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Sheet music is written representation of music. This is a homorhythmic (i.e., hymn-style) arrangement of a traditional piece entitled Adeste Fideles, in standard two-staff format for mixed voices.
Tibetan musical score from the 19th century.

Sheet music is a hand-written or printed form of musical notation; like its analogs—books, pamphlets, etc.—the medium of sheet music typically is paper (or, in earlier times, parchment), although the access to musical notation in recent years includes also presentation on computer screens. Use of the term "sheet" is intended to differentiate music on paper from an audio presentation, which would ensue from a sound recording, broadcast, or live performance, which may involve video as well. In everyday use, "sheet music" (or simply "music") can refer to the print publication of commercial music in conjunction with the release of a new film, show, record album, or other special or popular event which involves music.

Score is a common alternative (and more generic) term for sheet music, and there are several types of scores, as discussed below. (Note: the term score can also refer to incidental music written for a play, television programme, or film; for the last of these, see film score.)

Contents

Purpose and use

Sheet music can be used as a record of, a guide to, or a means to perform, a piece of music. Although it does not take the place of the sound of a performed work, sheet music can be studied to create a performance and to elucidate aspects of the music that may not be obvious from mere listening. Authoritative musical information about a piece can be gained by studying the written sketches and early versions of compositions that the composer might have retained, as well as the final autograph score and personal markings on proofs and printed scores.

Comprehending sheet music requires a special form of literacy: the ability to read musical notation. Nevertheless, an ability to read or write music is not a requirement to compose music. Many composers have been capable of producing music in printed form without the capacity themselves to read or write in musical notation—as long as an amanuensis of some sort is available. Examples include the blind 18th-century composer John Stanley and the 20th-century composers and lyricists Lionel Bart, Irving Berlin and Paul McCartney.

The skill of sight reading is the ability of a musician to perform an unfamiliar work of music upon viewing the sheet music for the first time. Sight reading ability is expected of professional musicians and serious amateurs who play classical music and related forms. An even more refined skill is the ability to look at a new piece of music and hear most or all of the sounds (melodies, harmonies, timbres, etc.) in one's head without having to play the piece.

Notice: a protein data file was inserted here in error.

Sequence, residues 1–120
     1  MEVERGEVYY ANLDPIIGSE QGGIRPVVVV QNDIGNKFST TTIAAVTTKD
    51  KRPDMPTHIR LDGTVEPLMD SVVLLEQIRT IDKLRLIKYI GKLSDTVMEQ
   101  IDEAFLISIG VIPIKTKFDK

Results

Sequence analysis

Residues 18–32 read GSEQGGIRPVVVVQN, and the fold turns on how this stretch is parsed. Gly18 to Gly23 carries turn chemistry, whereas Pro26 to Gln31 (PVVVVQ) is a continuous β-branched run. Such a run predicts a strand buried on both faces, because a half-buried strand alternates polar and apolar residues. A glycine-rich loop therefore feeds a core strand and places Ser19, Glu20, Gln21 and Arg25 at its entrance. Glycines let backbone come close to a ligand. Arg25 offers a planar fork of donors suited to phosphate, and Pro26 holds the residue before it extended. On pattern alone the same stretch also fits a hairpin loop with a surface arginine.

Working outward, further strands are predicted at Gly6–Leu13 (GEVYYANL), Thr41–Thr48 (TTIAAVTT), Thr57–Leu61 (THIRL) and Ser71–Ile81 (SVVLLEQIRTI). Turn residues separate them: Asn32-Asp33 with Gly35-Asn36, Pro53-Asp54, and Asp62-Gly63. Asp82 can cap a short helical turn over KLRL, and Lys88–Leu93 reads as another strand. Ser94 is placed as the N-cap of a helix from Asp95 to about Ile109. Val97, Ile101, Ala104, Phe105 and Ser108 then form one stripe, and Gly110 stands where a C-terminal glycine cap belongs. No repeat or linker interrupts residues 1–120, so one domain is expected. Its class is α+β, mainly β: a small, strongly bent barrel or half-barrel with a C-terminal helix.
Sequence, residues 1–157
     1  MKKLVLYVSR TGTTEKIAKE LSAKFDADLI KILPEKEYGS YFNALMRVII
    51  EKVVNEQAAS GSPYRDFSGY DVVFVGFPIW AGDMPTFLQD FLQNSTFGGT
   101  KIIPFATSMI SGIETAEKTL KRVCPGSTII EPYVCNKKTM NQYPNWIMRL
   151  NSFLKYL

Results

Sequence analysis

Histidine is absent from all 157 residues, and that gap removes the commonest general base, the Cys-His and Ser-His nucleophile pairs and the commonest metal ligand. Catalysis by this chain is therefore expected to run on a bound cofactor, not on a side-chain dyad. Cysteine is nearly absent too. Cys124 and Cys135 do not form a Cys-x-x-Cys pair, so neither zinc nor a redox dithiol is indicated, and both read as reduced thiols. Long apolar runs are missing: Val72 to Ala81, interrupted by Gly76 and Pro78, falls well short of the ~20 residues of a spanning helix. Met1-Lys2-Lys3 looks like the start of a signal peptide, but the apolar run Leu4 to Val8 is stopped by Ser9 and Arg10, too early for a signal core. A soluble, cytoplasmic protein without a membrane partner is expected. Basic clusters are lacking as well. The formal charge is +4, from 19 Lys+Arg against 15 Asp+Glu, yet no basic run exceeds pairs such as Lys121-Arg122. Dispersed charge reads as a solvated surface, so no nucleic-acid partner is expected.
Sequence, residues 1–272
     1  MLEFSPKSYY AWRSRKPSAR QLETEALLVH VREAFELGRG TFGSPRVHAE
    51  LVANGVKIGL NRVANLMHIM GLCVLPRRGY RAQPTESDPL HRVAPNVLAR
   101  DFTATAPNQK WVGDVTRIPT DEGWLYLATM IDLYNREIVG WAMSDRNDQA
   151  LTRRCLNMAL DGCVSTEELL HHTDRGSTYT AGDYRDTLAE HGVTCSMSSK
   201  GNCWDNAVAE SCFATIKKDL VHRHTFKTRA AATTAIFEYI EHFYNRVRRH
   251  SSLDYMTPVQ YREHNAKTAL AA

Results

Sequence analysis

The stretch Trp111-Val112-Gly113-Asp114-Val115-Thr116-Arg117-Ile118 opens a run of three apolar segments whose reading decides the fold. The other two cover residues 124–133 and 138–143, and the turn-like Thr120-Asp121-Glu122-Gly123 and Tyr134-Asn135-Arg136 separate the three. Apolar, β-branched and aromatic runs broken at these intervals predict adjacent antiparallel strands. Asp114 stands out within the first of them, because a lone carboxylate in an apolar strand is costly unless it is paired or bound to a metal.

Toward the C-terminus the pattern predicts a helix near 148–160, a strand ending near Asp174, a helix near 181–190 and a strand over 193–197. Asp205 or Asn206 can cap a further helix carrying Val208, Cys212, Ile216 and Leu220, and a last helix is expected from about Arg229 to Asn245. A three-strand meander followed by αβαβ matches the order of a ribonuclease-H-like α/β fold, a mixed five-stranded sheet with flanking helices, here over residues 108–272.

With the exception of solo performances, where memorization is expected, classical musicians ordinarily have the sheet music at hand when performing. In jazz music, which is mostly improvised, sheet music—called a lead sheet in this context—is used to give basic indications of melodies, chord changes, and arrangements.

Handwritten or printed music is less important in other traditions of musical practice, however. Although much popular music is published in notation of some sort, it is quite common for people to learn a piece by ear. This is also the case in most forms of western folk music, where songs and dances are passed down by oral—and aural—tradition. Music of other cultures, both folk and classical, is often transmitted orally, though some non-western cultures developed their own forms of musical notation and sheet music as well.

Although sheet music is often thought of as being a platform for new music and an aid to composition (i.e., the composer writes the music down), it can also serve as a visual record of music that already exists. Scholars and others have made transcriptions of western and non-western musics so as to render them in readable form for study, analysis, and re-creative performance. This has been done not only with folk or traditional music (e.g., Bartók's volumes of Magyar and Romanian folk music), but also with sound recordings of improvisations by musicians (e.g., jazz piano) and performances that may only partially be based on notation. An exhaustive example of the latter in recent times is the collection The Beatles: Complete Scores (London: Wise Publications, c1993), which seeks to transcribe into staves and tablature all the songs as recorded by the Beatles in instrumental and vocal detail.

Types

Modern sheet music may come in different formats. If a piece is composed for just one instrument or voice (such as a piece for a solo instrument or for a cappella solo voice), the whole work may be written or printed as one piece of sheet music. If an instrumental piece is intended to be performed by more than one person, each performer will usually have a separate piece of sheet music, called a part, to play from. This is especially the case in the publication of works requiring more than four or so performers, though invariably a full score is published as well. The sung parts in a vocal work are not usually issued separately today, although this was historically the case, especially before music printing made sheet music widely available.